Can Diesels Meet the Challenges of
Alternative Power Technologies?
Engine builders believe big diesels will be a vital part of off-road power solutions for the foreseeable future, but they’re not ignoring the appeal of battery-electric and hybrid options
By Russell A. Carter, Contributing Editor
In other words, when it comes to moving payloads, equipment — and in some cases, electrons — diesels are the 800-lb gorilla that sits near the top of the food chain. The problem is that the gorilla’s hydrocarbon diet is expensive, prone to contamination that wears out engine parts and causes unscheduled downtime, and comes with a lengthy list of adverse environmental impacts. It’s the main reason why mine operators have an ongoing love-hate relationship with diesel power — loving the operational familiarity and the flexibility that only self-powered haul trucks on the surface and cable-free vehicles underground can offer, but hating the expense, high consumables rate and exhaust emissions that are inherent with diesel-fleet operations.
In recent years, that relationship has been strained even further by the appeal of options such as in-pit crushing and conveyor transport that drastically reduce the haul truck’s role in production. Underground, diesel’s hard-rock mining role is being challenged by the expanding availability of all-electric and battery-powered production units that put less of a strain on a mine’s ventilation requirements and eliminate most of the noise, logistics and heat problems associated with diesel operations.
Although diesel still holds the winning hand in fuel efficiency — a gallon of diesel fuel has 20 times the energy density of equivalent lithium ion or molten-salt batteries — the leading diesel engine suppliers for mining applications have taken steps to establish their presence in the battery-electric market. In October 2017, for example, Cummins announced it was acquiring Oregon, USA-based Brammo, Inc., which designs and develops battery packs for mobile and stationary applications. Adding Brammo’s battery pack expertise and resources, according to the company, is important to its efforts to become a global electrified power leader.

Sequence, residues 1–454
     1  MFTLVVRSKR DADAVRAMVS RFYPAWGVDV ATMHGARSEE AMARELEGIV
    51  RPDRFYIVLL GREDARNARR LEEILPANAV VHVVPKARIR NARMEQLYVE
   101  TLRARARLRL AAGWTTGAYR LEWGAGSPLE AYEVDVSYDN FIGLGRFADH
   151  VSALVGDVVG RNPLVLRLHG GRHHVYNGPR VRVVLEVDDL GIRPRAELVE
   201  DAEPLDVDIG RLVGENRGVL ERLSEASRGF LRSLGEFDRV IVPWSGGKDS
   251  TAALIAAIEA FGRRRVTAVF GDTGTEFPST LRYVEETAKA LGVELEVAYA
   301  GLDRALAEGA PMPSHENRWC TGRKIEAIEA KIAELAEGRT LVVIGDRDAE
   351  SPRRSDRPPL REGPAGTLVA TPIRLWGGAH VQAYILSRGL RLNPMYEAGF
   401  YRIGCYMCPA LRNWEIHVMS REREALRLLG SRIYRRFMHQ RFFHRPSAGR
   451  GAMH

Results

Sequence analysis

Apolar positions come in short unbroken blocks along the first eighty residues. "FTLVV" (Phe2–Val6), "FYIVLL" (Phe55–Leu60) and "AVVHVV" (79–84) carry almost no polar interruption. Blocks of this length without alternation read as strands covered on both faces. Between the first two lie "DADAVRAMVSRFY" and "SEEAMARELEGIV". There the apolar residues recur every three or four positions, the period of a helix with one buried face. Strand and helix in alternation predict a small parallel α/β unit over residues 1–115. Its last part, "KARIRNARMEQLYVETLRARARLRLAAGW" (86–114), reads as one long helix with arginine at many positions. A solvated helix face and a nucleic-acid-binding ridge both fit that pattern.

Caterpillar is hedging its bets on diesel versus electric in several sectors. It has invested in metal-air battery developer Fluidic Energy and formed a strategic alliance with solar panel provider First Solar as part of its strategy to offer “hybrid” power microgrids that use thin-film solar, advanced monitoring and control systems, and energy storage devices such as ultracapacitors and advanced batteries along with its diesel and natural gas-powered generators to provide electricity at remote sites. In the mobile equipment sector, its Underground Mining group developed a prototype battery-electric R1300G LHD for testing at a mine site in Canada. The machine is a proof of concept for packaging and performance of a lithium-based energy storage solution Caterpillar plans to bring to the LHD market.
Sandvik, having developed its LH307B battery-powered LHD and hybrid DD422iE underground drill rig, is working with Goldcorp to convert that producer’s Borden Lake mine in Ontario, Canada, to fully electric underground operations. And in October 2017, Atlas Copco announced its intention to focus on zero-emission and battery-driven machinery. The company said it has immediate plans to expand its current portfolio of electric mining equipment, including loaders, drill rigs and mine trucks.
Artisan Vehicle Systems, a California, USA-based company, now offers the A4, a battery-powered 1.5 yd3, 4-mt LHD. The company claims a number of advantages for the A4 over conventional diesel-powered LHDs, including the ability to design a much shorter machine that provides a distinct improvement in both maneuverability as well as front and rear visibility compared with diesel-powered loaders that may be as much as a meter longer front to back.
The potential for overall size reduction and other benefits of electric underground vehicles is apparent to industrial technology giant ABB, which has developed the purpose-built HES880 mobile drive for this type of application. This is a totally different design from anything available previously, according to the company, although it is based on ABB’s well-known ACS880 all-compatible drive technology.
At Siemens, a project group is working on developing a modular diesel-electric drive portfolio for underground mining operations. As described in the company’s online magazine, testing of the first prototype began in mid-2017 and commercial release is slated for 2018.
According to Siemens, the initial solution will first be applied to an articulated underground haul truck with a payload of 60 mt. In this particular application, four motors are used, each driving one wheel. With this drive architecture, the speed and torque of each wheel can be controlled precisely. As a consequence, additional features can be made available such as advanced slip/slide control and electrically supported steering, which enables more precise turns and reduced tire wear.